In March of 1940, Joseph Stalin ordered the execution of approximately five thousand Polish prisoners of war, setting off a chain of events leading to the Katyń Massacre. Buried in seven mass graves, these soldiers’ bodies remained undisturbed until German forces unearthed them several years later. Even more shocking to the Polish nation than this discovery was the revelation that one of the victims was a female military officer: Second Lieutenant in the Polish Air Force, Janina Lewandowska. Indeed, the presence of her body was at the center of a fifty-year cover-up.
Exploring the life of Janina Lewandowska offers more than an expanded biography for a Polish woman, it allows for an in-depth examination of these components in Polish society during the interwar period. Studies of women’s involvement in the early stages of the war, specifically their contributions to the September 1939 Polish defense, are virtually nonexistent. An examination of Janina Lewandowska’s life contributes to filling this gap, revealing some boundaries women faced entering the military service before respected Polish generals, such as Wladyslaw Anders, sanctioned it. In risking her life and social standing, Lewandowska reinterpreted the traditional ideal of the Matka Polka, choosing to serve her country militarily. Though she adopted some of these maternal approaches when nurturing Polish patriotism while in the Kozielsk camp, she preempted this aspect of her identity with the decision to pursue military service before motherhood. She may not be representative of all women who made similar decisions, but her life makes a unique contribution to understanding social expectations of women as one of the first Polish women to involve herself in active service during World War II.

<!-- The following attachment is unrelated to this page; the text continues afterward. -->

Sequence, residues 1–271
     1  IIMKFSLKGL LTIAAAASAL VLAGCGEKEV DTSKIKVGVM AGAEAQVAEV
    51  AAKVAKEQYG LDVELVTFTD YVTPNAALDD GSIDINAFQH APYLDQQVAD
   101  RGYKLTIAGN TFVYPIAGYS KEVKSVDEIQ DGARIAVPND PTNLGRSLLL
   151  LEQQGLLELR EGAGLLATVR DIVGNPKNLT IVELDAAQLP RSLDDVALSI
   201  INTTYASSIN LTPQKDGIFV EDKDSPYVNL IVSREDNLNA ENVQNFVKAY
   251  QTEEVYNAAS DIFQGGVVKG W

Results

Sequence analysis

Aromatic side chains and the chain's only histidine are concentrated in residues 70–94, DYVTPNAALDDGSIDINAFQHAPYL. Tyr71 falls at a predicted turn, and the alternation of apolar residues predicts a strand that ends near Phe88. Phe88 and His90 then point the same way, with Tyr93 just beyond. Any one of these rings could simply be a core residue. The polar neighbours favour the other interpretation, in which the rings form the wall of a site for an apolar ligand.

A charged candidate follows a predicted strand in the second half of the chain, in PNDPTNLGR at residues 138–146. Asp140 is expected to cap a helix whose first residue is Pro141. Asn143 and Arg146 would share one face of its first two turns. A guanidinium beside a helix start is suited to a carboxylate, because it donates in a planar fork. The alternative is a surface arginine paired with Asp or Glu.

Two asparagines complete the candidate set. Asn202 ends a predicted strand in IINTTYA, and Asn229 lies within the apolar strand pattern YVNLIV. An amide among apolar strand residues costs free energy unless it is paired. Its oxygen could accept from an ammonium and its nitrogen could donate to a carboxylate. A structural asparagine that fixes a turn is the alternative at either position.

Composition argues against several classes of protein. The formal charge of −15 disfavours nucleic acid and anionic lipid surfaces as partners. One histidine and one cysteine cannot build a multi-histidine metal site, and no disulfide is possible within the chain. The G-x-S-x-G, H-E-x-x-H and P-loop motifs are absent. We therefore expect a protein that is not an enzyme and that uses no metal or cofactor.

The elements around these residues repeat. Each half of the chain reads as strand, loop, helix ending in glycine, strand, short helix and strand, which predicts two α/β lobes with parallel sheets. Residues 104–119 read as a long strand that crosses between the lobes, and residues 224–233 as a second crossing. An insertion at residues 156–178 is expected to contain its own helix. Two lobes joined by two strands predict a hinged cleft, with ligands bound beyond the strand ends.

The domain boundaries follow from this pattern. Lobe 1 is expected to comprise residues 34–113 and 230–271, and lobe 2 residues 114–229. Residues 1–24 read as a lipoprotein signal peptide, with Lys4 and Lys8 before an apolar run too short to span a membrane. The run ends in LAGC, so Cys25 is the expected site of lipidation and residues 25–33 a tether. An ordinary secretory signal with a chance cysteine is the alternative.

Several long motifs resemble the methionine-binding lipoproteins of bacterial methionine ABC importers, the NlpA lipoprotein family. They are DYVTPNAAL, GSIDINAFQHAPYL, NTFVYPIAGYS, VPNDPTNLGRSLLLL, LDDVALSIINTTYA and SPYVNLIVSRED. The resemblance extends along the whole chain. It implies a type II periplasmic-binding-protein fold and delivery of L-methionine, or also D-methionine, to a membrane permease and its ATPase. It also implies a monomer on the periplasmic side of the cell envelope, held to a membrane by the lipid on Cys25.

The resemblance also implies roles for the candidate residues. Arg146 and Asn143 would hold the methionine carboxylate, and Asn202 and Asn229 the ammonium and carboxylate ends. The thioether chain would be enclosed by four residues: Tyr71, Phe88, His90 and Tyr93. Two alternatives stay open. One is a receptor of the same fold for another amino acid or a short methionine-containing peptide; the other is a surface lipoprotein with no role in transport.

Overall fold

Internalization of traditional feminine responsibilities and a strong sense of national pride led Janina Lewandowska to serve her country as a member of the Polish Air Force at the outbreak of the Second World War. Although her capture by Soviet forces in late September of 1939 put an end to active military service, it did not stop the young officer from serving her country through other means. In the graves at Katyń, one finds the body of a female fighter pilot, as well as the story of a growing nation seeking to define itself, one woman’s devotion to both her faith and fellow soldiers, and the supersession of country over the self.
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